The name that started this post because I was intrigued when I discovered that it was first used by Shakespeare. He invented it for his heroine of Twelfth Night

Created by Sir Phillip Sidney for his poem Arcadia in 1590.

Nickname of a friend of Jonathan Swift

Created by Marie Corelli, the most popular novelist at the end of the end of the 19th century – said to be Queen Victoria’s favourite writer – and the inspiration for Lucia in F.E Benson’s Mapp and Lucia books (and I envy you if you haven’t read them because you have that treat ahead of you.) One of Corelli’s best-selling novels was called Thelma: A Norwegian Princess.

Yet another name invented by Edmund Spenser for his poem The Faerie Queen

Jonathan Swift invented the name for his 1713 poem Cadenus and Vanessa as a compliment to a woman friend Esther Vanhomrigh, taking parts of her first and last names to create it.

Perhaps the most famous invented name of all – no girl was called Wendy before J.M. Barrie’s play Peter Pan

Have you come across an interesting ‘invented’ name? Or have you also wasted valuable writing time doing non-essential research?


name tags

11 comments on “Literary Names (and the seductive qualities of research) Writing article number 7 from the archives

  1. paulandruss
    August 29, 2017

    Dear Bridget, very interesting and enjoyable post about these names. And while I can see what you say about people who have not read Fred Benson, I think us old Mapp and Lucia junkies have well had our own treats from them. They are definitely books I keep coming to. As are the TV shows (the recent BBC 3-parter and the 1980s series with Prunella Scales and Geraldine Mcewan (sadly no longer with us). It is lovely to meet another Luciaphile! And now I think I am going to have to watch the 1980s series again!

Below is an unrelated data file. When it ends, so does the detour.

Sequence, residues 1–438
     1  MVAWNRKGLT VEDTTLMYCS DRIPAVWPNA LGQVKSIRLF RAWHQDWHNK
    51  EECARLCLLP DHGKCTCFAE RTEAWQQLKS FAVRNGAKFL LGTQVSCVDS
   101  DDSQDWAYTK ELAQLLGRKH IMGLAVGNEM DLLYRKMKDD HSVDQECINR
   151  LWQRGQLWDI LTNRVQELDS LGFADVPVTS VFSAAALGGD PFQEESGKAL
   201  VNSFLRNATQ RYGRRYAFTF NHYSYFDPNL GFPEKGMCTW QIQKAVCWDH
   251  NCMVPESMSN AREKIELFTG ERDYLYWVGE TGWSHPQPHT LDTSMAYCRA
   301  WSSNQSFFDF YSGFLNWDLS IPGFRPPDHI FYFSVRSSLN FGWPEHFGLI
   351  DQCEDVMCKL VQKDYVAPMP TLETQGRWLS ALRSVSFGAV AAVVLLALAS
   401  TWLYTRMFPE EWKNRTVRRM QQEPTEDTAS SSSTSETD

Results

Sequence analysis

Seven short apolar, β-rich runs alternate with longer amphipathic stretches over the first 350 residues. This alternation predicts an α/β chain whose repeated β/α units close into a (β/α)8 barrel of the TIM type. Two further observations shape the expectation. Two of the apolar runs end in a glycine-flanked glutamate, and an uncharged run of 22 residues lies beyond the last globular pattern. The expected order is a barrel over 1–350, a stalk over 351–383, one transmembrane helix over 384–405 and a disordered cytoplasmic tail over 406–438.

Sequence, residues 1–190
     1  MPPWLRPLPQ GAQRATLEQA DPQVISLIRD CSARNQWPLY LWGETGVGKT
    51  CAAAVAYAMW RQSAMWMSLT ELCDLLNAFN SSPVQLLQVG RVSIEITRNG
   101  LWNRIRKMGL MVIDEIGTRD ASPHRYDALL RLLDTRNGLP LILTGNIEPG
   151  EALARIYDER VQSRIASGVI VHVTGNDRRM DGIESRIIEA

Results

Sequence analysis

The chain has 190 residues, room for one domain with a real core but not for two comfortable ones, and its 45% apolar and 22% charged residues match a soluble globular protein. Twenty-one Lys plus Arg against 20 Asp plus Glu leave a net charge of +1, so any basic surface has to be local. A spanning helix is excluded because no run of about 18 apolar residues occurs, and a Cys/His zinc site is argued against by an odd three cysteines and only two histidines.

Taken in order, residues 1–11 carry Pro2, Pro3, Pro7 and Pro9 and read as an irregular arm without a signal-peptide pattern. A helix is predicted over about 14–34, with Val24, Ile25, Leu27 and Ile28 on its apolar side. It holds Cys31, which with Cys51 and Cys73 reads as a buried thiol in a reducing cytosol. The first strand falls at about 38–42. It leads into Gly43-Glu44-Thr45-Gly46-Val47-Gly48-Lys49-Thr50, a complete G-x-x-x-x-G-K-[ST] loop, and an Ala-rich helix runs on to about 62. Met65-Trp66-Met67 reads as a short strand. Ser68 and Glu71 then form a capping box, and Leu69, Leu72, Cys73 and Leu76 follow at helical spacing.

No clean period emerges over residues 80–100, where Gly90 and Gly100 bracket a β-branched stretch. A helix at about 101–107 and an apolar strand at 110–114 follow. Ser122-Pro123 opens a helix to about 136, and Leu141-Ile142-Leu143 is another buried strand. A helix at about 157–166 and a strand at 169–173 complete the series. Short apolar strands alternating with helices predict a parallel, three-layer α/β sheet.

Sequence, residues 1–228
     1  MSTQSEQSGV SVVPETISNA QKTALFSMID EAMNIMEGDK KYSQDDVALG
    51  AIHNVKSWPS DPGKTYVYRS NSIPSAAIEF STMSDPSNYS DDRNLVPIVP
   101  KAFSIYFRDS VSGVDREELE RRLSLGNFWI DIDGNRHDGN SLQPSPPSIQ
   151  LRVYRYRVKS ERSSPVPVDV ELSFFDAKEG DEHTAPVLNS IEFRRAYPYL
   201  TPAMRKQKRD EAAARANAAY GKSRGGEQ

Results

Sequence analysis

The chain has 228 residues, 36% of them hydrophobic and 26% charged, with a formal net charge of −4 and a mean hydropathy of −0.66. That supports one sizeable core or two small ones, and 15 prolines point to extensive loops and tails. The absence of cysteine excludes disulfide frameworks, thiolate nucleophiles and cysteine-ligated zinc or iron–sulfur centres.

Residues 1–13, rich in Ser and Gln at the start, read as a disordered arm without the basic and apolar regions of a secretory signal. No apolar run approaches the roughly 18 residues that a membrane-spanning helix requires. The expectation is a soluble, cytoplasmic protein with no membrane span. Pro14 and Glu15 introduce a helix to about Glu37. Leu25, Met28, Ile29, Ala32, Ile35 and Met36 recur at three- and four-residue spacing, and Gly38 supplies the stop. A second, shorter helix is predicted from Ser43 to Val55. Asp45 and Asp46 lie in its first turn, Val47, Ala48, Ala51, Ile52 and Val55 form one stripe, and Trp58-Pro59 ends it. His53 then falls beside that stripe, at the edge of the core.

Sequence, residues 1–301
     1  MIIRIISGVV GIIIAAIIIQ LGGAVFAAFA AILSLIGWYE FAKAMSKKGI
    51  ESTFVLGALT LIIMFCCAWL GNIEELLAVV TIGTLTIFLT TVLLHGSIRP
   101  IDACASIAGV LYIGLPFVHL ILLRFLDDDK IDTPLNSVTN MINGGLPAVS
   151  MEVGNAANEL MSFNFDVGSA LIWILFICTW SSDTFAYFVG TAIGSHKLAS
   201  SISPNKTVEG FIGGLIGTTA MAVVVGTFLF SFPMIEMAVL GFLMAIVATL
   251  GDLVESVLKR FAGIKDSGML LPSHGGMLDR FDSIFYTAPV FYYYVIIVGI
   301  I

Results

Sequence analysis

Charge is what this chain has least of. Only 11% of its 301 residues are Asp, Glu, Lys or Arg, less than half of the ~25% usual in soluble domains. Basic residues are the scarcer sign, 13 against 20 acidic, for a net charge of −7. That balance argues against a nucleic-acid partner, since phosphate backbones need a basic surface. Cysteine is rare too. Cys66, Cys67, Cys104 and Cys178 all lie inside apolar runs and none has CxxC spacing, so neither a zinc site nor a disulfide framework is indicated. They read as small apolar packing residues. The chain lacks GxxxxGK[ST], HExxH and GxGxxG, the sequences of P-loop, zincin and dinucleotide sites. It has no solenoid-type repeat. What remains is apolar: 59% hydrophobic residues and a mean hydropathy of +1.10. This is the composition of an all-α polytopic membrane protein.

• bridget whelan
      August 29, 2017

      I must re-read as well and the TV series was brilliantly cast…not just Mapp and Lucinda, but also Georgie and Quaint Irene and the whole lot. I don’t tend to do box sets but I wonder if I can download it from Amazon…how are you able to watch it again? I think I’m in need of a fix…(and guidance)

  2. Phillip T Stephens
    August 29, 2017

    I’m not sure it’s useless research. I suspect that sometime in the next few years a PhD student or social science researcher will reference this for a study on naming habits (widely read parents v. tv watchers, etc.) You may even find this post listed in the footnotes.

  3. Phillip T Stephens
    August 29, 2017

    Or somewhere, in the back of his/her mind, perhaps even me, you’ve implanted the idea for a story or a character who spends their days pursuing arcane research online and then sharing the bits, like bon mots at parties, or with a lover who doesn’t in the least bit care.

  4. bridget whelan
    August 29, 2017

    Hmm…Or the one who spends more time with Google than with people in the name of research and does nothing with it, except bore for England at parties, with inappropriately dropped ‘do you know…’segments while others do make connections, see the worth…
    …it has possibilities…

  5. patriciaruthsusan
    August 30, 2017

    Good post, Bridget. I’m a hoarder of names. You never know when you’ll need a special one for a character in a story. 🙂 — Suzanne